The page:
Wednesday, April 04, 2007

Civilian Police Academy - Class 6

What I'm reading: Cards Never Lie by Heather Hiestand; Contest entries

What I'm writing - Chapter 31.

Last night our first speaker was a detective from Homicide, a very lively speaker who was obviously very much in love with his job. The department has 1 sergeant, 1 corporal and 10 detectives, plus a field service officer and a crime analyst, who helps with getting out bulletins and making sure the interview transcripts are done, and all the other paperwork sort of details. On any given call, it's likely that the detective and partner plus a supervisor, and the CSI's are all on the scene, which means many eyes and opinions to interpret what's there.

The department is responsible for all homicides, suicides, accidental deaths, in custody deaths, and deputy involved shootings. There is now a separate child crime unit for dealing with anything involving children.

Again, unlike CSI on tv, the detectives are in charge of the case. The lead is responsible for everything, no matter who might have dropped the ball. Too many times, the detective "knows" who committed the crime, but can't prove it. The CSI's are integral in collecting the evidence that can back up the case, but they don't interact with the suspects. They gather the evidence and take it to the lab.

The hard ones are the "who done it's" such as random drive-by shootings where there are no witnesses, or none will step forward.

On the scene, which is usually dealt with by a uniformed patrol officer, the first order is the officer's safety. Once the scene is clear, preservation of life is next. This means that even if a deputy is involved in the shooting, he still tries to keep the victim alive. Next is preservation of the crime scene and notification of the detectives and CSIs.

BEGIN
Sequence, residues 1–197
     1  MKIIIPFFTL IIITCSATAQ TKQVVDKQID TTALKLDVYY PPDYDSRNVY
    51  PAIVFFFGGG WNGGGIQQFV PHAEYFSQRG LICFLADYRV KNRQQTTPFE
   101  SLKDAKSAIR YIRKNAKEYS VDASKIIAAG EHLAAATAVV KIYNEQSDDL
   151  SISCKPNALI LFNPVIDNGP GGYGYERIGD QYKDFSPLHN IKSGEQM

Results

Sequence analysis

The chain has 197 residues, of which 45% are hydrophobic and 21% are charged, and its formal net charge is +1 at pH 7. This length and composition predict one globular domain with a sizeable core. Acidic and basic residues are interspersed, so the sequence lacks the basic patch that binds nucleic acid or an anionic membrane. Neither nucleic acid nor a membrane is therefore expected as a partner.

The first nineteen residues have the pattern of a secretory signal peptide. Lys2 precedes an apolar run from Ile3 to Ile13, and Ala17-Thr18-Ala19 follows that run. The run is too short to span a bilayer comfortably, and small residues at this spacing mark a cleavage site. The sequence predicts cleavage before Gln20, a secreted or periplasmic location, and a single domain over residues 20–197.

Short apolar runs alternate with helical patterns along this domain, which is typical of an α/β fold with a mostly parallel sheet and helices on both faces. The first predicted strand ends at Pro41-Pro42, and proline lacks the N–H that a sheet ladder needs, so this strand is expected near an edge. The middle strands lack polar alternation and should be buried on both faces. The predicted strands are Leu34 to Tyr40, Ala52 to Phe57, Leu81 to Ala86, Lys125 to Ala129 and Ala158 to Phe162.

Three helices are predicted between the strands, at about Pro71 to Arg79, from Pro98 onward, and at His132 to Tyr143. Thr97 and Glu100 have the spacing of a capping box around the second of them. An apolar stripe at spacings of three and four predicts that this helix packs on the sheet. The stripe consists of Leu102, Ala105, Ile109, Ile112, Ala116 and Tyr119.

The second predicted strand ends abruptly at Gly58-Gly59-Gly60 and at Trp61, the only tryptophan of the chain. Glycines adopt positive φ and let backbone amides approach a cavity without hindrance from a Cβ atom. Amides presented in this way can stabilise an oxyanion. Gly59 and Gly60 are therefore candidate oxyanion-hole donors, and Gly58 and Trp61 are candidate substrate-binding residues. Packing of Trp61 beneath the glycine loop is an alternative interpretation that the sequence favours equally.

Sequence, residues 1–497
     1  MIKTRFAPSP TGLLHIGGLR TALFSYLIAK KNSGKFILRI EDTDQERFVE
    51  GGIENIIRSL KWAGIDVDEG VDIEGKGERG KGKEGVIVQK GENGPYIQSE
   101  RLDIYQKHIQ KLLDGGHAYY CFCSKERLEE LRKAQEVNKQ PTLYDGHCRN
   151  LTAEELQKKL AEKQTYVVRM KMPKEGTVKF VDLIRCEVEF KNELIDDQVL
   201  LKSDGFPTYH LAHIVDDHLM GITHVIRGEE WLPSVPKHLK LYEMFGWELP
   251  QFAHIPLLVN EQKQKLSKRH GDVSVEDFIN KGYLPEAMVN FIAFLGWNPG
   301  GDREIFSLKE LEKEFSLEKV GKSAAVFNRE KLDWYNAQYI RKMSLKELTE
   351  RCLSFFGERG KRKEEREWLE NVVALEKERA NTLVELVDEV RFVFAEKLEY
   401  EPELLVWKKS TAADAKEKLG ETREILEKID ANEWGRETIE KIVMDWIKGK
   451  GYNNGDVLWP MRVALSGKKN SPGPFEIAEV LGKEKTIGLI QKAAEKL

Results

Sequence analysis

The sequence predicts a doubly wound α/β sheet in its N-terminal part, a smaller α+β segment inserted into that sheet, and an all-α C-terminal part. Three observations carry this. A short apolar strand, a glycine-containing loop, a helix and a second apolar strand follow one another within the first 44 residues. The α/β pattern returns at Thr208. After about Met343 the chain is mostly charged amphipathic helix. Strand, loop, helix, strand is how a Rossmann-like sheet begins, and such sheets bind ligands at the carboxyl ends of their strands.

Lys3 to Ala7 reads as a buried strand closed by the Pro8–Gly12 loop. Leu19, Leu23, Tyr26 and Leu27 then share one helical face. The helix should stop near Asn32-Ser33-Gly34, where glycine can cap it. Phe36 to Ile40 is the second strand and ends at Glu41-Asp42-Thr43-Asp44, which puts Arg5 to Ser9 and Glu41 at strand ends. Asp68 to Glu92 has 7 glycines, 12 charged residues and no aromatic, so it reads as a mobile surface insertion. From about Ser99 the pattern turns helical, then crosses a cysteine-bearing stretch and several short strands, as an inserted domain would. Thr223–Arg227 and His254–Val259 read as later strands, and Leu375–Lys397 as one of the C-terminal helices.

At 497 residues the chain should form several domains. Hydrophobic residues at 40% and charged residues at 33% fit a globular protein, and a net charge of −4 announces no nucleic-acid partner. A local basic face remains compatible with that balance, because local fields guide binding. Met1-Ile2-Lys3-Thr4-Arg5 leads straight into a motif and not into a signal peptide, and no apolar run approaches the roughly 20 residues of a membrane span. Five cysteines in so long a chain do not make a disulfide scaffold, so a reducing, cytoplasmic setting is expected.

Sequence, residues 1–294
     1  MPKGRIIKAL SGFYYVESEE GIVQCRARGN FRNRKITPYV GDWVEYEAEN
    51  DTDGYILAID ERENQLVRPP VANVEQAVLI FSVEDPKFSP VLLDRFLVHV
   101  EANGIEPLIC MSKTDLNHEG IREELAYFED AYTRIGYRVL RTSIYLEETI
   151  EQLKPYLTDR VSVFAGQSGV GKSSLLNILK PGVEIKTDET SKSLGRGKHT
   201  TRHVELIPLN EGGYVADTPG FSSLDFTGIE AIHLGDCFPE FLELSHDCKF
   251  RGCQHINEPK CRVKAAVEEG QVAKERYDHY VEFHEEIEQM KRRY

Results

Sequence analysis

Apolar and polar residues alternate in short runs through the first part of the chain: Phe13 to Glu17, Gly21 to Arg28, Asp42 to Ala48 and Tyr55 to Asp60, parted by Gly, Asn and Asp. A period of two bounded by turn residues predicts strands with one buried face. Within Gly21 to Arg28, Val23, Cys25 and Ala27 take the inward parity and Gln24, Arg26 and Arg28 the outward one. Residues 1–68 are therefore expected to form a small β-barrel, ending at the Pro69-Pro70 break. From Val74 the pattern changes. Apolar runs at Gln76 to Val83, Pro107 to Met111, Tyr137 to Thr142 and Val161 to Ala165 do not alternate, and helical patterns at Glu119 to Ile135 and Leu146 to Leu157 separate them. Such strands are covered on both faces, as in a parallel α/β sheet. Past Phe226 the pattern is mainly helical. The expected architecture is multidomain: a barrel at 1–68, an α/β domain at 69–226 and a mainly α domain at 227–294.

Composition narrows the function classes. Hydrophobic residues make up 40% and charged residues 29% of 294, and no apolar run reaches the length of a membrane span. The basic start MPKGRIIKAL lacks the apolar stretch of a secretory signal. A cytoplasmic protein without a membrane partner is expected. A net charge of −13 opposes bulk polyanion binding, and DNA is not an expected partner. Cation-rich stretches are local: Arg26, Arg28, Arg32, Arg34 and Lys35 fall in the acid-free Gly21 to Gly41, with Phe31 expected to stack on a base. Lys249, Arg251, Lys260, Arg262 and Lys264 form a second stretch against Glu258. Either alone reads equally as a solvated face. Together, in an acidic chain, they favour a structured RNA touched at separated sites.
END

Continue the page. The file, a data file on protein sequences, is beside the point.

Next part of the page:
The crime scene belongs to the detective; the body belongs to the Medical Examiner and can't be touched until the ME has been there.

We learned about rigor, lividity and using insects to determine time of death.

Suicides are also investigated as homicides, although a scene will be handled by 1 detective and 1 CSI. These cases usually get the most complaints from family, because they don't want to believe a loved one committed suicide. The detectives handle suicides as thoroughly as homicides. There were over 200 suicides last year.

We got to see photos of crime/accident scenes and tried to determine what had happened.
We also watched a video of two teams passing a basketball. Our instructions were to concentrate only the the team in the white shirts, and to count every time the ball hit the floor or was passed to another person, and to ignore the black shirted team, which was there to distract us. Of course, all but two people in the class totally missed the guy in the gorilla costume who walked right across the court.

Overall, the department has a 60% clearance rate, which they are proud of. No case, however, is ever closed, and they may have cases on their desks for 10 years, always looking for another lead. These are the ones that the detectives live with, that come back and stay in their heads.

Most of their leads come from the local anonymous Crime Line phone number. The $5,000 reward helps, too!

He also pointed out some "general" statistics, such as the majority of their cases are drug related.

Before he left, he showed pictures of crimes against children. I don't even want to discuss what horrific things people will do these innocents.

Next time - part two of the class: Domestic Violence.

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